Therapeutic pathogen recognition receptor (PRR) ligands are reaching clinical practice following their ability to skew the immune response in a specific direction. We investigated the effects of various therapeutic PRR ligands on bone cell differentiation and inflammation. Following stimu-lation, alkaline phosphatase (ALP) activity (Day 10), osteocalcin, osteonectin expression (Day 14), and calcium deposition (Day 21) were quantified in bone marrow-derived human mesenchymal stem cells (hMSCs). The osteoclastogenic response was determined by measuring tartrate-resistant acid phosphate (TRAP) activity in human monocytes. TNF-α, IL-6, IL-8, and IL-10 expressions were measured by enzyme-linked immunosorbent assay as an indicator of the ligands’ inflammatory properties. We found that nucleic acid-based ligands Poly(I:C) and CpG ODN C increased early ALP activity in hMSCs by 4-fold without affecting osteoclast formation. These ligands did not enhance expression of the other, late osteogenic markers. MPLA, Curdlan, and Pam3CSK4 did not affect osteogenic differentiation, but inhibited TRAP activity in monocytes, which was associated with increased expression of all measured cytokines. Nucleic acid-based ligands are identified as the most promising osteo-immunomodulators, as they favor early osteogenic differentiation without inducing an exaggerated immune-cell mediated response or interfering in osteoclastogenesis and thus can be potentially harnessed for multifunctional coatings for bone biomaterials.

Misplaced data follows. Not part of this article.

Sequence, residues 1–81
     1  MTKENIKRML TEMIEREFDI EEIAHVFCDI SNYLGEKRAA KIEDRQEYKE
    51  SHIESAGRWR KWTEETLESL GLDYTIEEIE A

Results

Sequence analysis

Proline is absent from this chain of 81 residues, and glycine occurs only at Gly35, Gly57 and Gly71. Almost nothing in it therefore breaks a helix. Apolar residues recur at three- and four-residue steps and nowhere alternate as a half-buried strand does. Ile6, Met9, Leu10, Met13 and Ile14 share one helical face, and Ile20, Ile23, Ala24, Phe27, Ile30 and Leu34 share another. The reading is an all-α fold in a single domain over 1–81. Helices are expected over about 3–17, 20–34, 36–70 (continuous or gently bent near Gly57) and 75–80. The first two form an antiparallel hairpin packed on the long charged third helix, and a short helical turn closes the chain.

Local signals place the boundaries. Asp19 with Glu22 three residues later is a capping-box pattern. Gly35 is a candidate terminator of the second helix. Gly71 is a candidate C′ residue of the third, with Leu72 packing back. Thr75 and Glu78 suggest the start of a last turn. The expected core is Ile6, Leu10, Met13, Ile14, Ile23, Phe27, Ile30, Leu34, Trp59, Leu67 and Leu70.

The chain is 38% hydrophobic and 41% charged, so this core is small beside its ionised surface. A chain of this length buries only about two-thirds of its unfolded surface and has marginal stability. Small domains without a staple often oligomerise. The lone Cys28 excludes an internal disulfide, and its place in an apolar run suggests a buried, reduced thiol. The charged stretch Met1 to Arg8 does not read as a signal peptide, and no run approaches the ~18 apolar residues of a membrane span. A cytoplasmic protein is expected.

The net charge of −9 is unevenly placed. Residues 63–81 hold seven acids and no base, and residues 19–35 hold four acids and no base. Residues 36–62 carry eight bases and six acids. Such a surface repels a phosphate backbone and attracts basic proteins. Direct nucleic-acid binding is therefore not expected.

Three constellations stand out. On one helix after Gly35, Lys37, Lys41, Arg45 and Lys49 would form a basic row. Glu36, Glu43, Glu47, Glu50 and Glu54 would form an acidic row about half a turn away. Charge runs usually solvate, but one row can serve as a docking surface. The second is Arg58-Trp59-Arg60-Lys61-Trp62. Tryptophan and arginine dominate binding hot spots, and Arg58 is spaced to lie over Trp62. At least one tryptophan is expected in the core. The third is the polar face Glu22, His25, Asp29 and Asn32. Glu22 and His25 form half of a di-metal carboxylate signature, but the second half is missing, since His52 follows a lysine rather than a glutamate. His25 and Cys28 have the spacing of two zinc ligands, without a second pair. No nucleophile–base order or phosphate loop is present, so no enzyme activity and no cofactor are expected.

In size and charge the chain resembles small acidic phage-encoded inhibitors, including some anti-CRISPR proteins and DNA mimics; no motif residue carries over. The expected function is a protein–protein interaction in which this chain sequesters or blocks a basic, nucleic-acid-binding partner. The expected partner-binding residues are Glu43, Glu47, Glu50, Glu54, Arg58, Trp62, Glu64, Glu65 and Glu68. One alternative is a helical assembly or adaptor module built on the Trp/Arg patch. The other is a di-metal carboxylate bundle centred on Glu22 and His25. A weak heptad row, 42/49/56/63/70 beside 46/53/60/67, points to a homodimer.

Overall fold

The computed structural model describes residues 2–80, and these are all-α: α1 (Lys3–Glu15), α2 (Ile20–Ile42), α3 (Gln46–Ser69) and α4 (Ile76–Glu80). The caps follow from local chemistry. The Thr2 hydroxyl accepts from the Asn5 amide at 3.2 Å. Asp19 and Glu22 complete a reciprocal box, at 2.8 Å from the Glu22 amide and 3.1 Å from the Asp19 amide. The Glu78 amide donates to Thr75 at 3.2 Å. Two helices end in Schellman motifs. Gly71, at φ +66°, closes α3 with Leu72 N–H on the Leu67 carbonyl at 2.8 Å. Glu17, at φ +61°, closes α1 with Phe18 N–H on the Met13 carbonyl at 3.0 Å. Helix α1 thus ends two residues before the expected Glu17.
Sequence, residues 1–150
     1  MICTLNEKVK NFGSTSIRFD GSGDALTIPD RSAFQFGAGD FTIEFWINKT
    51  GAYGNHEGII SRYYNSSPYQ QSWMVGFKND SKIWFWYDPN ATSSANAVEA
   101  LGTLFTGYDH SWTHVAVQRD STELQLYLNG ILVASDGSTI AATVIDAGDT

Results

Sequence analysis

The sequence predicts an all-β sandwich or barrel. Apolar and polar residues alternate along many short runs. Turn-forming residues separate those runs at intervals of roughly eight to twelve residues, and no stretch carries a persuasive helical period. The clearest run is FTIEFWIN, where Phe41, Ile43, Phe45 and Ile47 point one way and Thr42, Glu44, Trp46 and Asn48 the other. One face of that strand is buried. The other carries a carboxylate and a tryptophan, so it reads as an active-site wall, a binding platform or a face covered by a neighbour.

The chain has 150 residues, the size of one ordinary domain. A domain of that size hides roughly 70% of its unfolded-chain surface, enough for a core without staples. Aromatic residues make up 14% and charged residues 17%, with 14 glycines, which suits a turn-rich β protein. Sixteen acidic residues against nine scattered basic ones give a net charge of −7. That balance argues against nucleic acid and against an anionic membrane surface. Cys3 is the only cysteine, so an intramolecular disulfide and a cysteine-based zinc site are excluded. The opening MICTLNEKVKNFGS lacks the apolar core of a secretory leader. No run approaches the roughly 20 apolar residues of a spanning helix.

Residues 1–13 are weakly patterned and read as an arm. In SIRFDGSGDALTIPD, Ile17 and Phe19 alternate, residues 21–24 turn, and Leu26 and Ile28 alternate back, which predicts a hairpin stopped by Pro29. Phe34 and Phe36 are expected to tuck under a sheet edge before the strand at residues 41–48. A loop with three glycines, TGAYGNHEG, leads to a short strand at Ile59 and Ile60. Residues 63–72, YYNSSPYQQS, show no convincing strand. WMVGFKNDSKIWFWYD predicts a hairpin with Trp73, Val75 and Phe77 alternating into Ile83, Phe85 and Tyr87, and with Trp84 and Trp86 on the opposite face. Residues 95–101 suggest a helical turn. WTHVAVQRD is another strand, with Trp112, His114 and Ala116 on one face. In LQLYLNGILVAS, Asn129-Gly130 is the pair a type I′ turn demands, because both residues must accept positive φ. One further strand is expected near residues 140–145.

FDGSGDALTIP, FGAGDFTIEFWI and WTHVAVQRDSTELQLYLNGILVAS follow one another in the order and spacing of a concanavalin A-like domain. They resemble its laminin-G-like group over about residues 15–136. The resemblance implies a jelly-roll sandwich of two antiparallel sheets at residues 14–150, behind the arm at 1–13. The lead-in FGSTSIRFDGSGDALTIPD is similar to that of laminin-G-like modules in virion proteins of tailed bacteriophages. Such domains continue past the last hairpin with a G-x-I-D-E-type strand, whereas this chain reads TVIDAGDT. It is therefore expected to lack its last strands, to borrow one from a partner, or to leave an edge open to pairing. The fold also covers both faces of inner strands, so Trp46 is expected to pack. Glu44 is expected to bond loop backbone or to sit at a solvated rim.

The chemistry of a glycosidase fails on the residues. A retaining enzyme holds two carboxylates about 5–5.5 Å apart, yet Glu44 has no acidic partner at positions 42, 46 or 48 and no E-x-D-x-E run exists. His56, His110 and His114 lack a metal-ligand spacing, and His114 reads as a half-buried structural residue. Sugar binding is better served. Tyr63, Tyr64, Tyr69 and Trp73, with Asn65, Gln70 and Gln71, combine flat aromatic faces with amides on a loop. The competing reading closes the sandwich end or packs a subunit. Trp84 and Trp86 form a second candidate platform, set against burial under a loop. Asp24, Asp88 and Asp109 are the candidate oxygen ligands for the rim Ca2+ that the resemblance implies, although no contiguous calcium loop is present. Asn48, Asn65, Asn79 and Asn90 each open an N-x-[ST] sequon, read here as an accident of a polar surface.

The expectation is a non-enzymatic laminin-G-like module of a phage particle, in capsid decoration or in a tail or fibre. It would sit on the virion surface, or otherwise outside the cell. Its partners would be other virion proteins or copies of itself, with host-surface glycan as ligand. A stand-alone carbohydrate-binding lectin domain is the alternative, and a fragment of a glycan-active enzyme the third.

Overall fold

- Multifunctional coatings
- Pathogen-associated molecular patterns
- Pathogen-recognition receptors